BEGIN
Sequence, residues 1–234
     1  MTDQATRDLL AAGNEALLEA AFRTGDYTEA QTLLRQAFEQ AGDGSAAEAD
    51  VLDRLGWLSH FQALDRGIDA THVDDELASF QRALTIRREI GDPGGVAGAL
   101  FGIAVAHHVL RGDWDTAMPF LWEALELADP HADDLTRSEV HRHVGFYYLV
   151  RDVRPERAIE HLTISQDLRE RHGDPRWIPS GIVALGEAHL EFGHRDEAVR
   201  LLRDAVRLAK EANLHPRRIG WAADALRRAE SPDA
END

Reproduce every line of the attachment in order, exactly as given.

Sequence, residues 1–234
     1  MTDQATRDLL AAGNEALLEA AFRTGDYTEA QTLLRQAFEQ AGDGSAAEAD
    51  VLDRLGWLSH FQALDRGIDA THVDDELASF QRALTIRREI GDPGGVAGAL
   101  FGIAVAHHVL RGDWDTAMPF LWEALELADP HADDLTRSEV HRHVGFYYLV
   151  RDVRPERAIE HLTISQDLRE RHGDPRWIPS GIVALGEAHL EFGHRDEAVR
   201  LLRDAVRLAK EANLHPRRIG WAADALRRAE SPDA